A former therapist caught me every time I used the word, “try” in our sessions. By her measure, I wasn’t allowed to say “try”, “can’t”, “why”, or “fair”. While this was a healthy practice to some degree, and it helped me become more aware of my defeatist vocabulary, I came to my own conclusion that these words are neither bad nor should they be forbidden. They are honest words that represent honest feelings.
Category Archives: healing
I want to share my nail-biting story with you. No, I NEED to share my nail-biting story with you. I know I’m not the only one out there who has felt the shame of having a bad habit that they just could not get a handle on no matter how hard they tried. I hope this story encourages you!
One of the best things I’ve done in seasons of healing is to follow the path. If healing is my goal, which it is, I don’t want to leave any stone unturned. If it’s going to be painful, which it will be, I want to do everything in my power to learn what I need to learn in an effort to keep history from repeating itself.
This is more of a stream of consciousness post. Obviously, my consciousness lacks brevity. I have been keeping this list of things I’ve been learning over these last nine months while in recovery from well, my life. While I know the list will continue to grow as I grow, I felt like I should share what I’ve learned so far. With an unapologetic 3000+ words, clearly, I’ve been learning a lot. Don’t be intimidated. Just read and digest what you can. If this is not for you, feel free to pass it by. I’m a believer in writing what I need to read so I’m guessing someone else out there needs to read this too. If not, that’s fine. It’s been good for me to log my recovery progress in this way.
I need to tell you something. I’m coming to you vulnerable, emptying my heart in hopes that it will fill yours. When it (the thing I need to tell you) happened recently, I knew it was a hug from God that had to be shared. My hope is that this piece of my story that has been private for seven years of September 3rd’s will encourage you as you wait on the Lord even when He seems to be moving at a snail’s pace.
JJ Heller’s song, Braver Still, is playing as I hit “publish”. I know this is not a coincidence.
If you’ve ever been through a season when pain, loss, and grief seem to overtake your mind, body, and soul, you are probably like me and ultra-sensitive to certain questions. Anyone requesting anything of you can seem judgmental and/or condemning, and can also add to our already teetering juggling act. If you’ve been on the other side of the coin and you love someone who is hurting, your sincere desire to help could actually add to their pain. Sometimes, albeit with heartfelt intentions, we ask the wrong questions and sometimes we ask the right questions the wrong way.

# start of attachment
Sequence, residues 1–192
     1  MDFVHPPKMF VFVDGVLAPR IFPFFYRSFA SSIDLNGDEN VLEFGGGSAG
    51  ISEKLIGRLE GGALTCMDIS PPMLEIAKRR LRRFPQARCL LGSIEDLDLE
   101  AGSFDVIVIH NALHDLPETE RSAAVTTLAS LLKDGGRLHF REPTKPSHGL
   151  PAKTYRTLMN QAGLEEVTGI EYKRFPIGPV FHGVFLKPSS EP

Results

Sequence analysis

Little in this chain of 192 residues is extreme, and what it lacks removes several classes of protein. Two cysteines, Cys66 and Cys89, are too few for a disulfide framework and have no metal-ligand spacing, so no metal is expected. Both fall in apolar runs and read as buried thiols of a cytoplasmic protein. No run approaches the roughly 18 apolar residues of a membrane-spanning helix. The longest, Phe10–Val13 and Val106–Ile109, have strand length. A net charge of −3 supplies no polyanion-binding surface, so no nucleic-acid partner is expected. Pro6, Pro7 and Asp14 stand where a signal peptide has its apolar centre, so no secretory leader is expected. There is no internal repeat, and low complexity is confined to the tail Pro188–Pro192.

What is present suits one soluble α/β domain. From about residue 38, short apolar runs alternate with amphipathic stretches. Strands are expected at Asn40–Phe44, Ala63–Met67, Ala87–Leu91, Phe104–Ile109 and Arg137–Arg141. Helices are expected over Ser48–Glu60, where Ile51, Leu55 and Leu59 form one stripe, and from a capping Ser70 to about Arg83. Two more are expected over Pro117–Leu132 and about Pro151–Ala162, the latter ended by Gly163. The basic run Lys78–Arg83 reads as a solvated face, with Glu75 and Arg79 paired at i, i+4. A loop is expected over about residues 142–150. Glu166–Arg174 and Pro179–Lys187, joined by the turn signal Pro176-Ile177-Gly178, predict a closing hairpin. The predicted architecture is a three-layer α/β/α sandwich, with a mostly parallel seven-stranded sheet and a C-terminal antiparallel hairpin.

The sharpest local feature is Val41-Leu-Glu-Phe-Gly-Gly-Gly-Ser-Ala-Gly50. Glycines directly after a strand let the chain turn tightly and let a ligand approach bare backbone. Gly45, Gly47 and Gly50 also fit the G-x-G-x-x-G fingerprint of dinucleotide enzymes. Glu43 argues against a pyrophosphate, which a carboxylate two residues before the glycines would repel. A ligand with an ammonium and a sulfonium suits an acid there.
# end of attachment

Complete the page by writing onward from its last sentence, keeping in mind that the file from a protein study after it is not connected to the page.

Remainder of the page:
During an online support group meeting I was attending, I had some issues bubble up that began to refuse the gag order they’ve been accustomed to for so long. I muted my microphone and turned off my video. I was crumbling fast. I listened in for the rest of the meeting which thankfully was only about 10 more minutes. Finger poised on the mouse to click the “leave group” button. To make it through, I practiced my labor breathing even though it’d been 19+ years since I’d used it for its intended purpose.
When the meeting was over and with the lightning-quick click of my mouse, I signed out and the dam broke. I cried out to God, the universe, my computer screen, anyone who could hear me. With fists clenched and years of stored up tears flowing, I repeatedly said, “I’M NOT SORRY. IT WAS NOT MY FAULT!”
This writer also happens to be a dear friend. I am honored to share Terri Fullerton’s words with you today. I know her story and it’s good in a hard and healing sort of way. I’m honored she would allow me to share even a page of it here on EPFH. Read on as Terri encourages us to not settle for sitting underneath the table when we have been given a seat of honor at the most beautiful one.
There are 9 stories in this book. 9 stories of profoundly brave women who have done some hard work to look into their past, embrace grace and receive healing. While my story might be different from these 9 women, some of my thoughts and feelings are the same. These 9 stories, although with different details and scenarios, are every woman’s story. Yours and mine.